The big gist of my article is the idea of leading with relationships first, even though relationships are inherently messy and require a lot of time to build trust. We’ve become overly focused on what we can track and what is an effective measurement. I’m less interested in rigid approaches and more intrigued by approaches that aim to experiment and address each other as humans rather than numbers.
How is modern day philanthropy currently operating? How is your current role challenging it?
We’re all existing in late-stage capitalism and we all feel like our paths forward are kind of narrow. We’re all feeling it whether we formally work in philanthropy or not.
We need to take radical action in order to create radical change. The norms, rules, and practices around philanthropy can be really prescribed. I’m inviting organizations to widen the aperture a bit, even though it can feel risky and scary that there are outcomes we can’t control.
For example, there’s a rule that foundations must give only around 3% of their total assets every year. I wonder—why just 3%? To me, that can feel like a tactic designed to support an entity’s existence into perpetuity, rather than designed to effect maximum change.
Philanthropy is intended to allocate resources to where they’re needed, but the norms of bureaucracy work against what philanthropy is trying to accomplish. They’re designed to keep up the status quo. What we need to do is actually create a better world. And to do that, we have to bust the bureaucracy and ‘ways we do things around here.’
What are some examples of entities and organizations that are challenging this norm?
There’s a youth-led environmental group called Earth Guardians. I talked to one of their leaders about their relationship with philanthropy because their organization is seeking sustained funding. She mentioned to me that the deepest work they do is training youth to bring a more radical mindset and understanding into careers at organizations and institutions.
When she shared with a funder that they’ve placed 10 people into jobs that would allow them to be changemakers, the funders responded , “And how many trees did you plant?” They were focused on quantifiable metrics. Trees are easy to measure, but what’s really meaningful and going to create change is the stuff that’s less tangible.
Grantees or people in nonprofit spaces are really trying to bend to accommodate what philanthropy has determined is a successful outcome. There’s a foundation called Heron Foundation who has a brave and bold vision of the world they want to see happen even if it’s at the expense of their existence. They’ve decided to reform their seeding power and, in doing so, aim to deplete all of their resources in 10 years. Heron Foundation will have community groups be the ones determining where the funding goes and offering general operating support. They’re doing really difficult work of creating committees and cohorts based in community of folks who are grappling together to make decisions about where Heron Foundation’s money goes.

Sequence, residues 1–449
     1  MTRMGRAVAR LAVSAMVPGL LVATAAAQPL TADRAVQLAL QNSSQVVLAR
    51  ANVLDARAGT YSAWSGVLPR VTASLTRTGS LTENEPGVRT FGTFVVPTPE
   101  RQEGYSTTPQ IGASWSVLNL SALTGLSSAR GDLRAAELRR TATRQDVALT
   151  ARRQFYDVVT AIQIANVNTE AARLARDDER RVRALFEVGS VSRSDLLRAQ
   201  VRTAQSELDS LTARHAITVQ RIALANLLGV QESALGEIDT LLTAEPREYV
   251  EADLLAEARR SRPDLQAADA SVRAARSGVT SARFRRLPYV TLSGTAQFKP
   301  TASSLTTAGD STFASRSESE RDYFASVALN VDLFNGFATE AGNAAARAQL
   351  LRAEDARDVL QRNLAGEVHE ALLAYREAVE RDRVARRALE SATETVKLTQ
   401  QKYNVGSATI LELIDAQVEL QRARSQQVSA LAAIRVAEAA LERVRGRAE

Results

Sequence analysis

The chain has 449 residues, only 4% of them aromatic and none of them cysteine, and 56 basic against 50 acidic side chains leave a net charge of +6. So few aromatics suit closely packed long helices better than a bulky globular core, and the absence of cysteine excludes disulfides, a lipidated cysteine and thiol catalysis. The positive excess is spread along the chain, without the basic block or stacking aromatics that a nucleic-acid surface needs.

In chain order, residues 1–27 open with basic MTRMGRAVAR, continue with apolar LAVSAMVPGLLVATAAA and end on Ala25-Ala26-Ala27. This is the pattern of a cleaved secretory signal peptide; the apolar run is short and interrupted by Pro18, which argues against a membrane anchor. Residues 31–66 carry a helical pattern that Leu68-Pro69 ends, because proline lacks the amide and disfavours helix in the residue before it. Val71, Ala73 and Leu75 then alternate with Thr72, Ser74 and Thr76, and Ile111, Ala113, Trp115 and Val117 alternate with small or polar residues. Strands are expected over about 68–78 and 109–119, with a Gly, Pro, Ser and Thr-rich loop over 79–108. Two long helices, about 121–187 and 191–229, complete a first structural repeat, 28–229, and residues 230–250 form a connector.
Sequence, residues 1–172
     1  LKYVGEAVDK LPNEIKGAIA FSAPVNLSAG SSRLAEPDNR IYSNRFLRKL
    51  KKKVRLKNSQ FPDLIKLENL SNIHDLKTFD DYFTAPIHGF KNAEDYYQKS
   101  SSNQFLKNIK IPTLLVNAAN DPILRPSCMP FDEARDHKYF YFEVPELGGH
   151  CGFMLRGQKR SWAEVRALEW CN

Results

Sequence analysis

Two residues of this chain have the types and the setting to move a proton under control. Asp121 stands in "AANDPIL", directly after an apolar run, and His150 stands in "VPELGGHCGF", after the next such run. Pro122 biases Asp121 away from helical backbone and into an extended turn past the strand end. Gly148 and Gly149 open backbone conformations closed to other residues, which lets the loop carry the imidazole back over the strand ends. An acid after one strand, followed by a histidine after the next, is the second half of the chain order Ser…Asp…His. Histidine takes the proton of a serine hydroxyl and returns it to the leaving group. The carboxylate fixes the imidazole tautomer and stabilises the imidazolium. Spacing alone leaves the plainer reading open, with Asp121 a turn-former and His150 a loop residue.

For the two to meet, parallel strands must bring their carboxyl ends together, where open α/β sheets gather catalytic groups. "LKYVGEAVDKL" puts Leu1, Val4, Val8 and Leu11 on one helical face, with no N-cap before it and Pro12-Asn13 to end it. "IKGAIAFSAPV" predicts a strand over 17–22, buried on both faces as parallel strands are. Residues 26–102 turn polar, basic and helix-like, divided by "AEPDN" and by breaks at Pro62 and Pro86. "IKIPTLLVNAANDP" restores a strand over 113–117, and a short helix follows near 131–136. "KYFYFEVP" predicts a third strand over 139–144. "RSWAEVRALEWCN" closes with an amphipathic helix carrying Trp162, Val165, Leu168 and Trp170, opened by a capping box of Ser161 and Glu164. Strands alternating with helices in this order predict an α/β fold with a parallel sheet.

It can be weird to think of ourselves as a consumer of philanthropy, especially with organizations urging consumers to use their dollars to support a cause. What are successful ways to overcome this mindset?
A part of my work is thinking about new narratives we can support and ways we can embrace possibility. Emergent Strategy by adrienne maree brown is a big source of inspiration for me. She urges us to embrace possibility and abundance, and emphasizes there’s actually more than enough. We are just told everything is scarce and we need to fight and compete with each other for resources. There isn’t a single piece of a pie that we’re fighting for, which is a mindset that continues to stress us out.
I find those stories of abundance more powerful and eye-opening than fear-based rhetoric. The irony is that we can only be creative in problem-solving if we’re not feeling stressed out by scarcity. We can make some waves in a positive way because we have time, space, and each other. I’m trying to spread this message to everyone because we rarely share these comforting thoughts.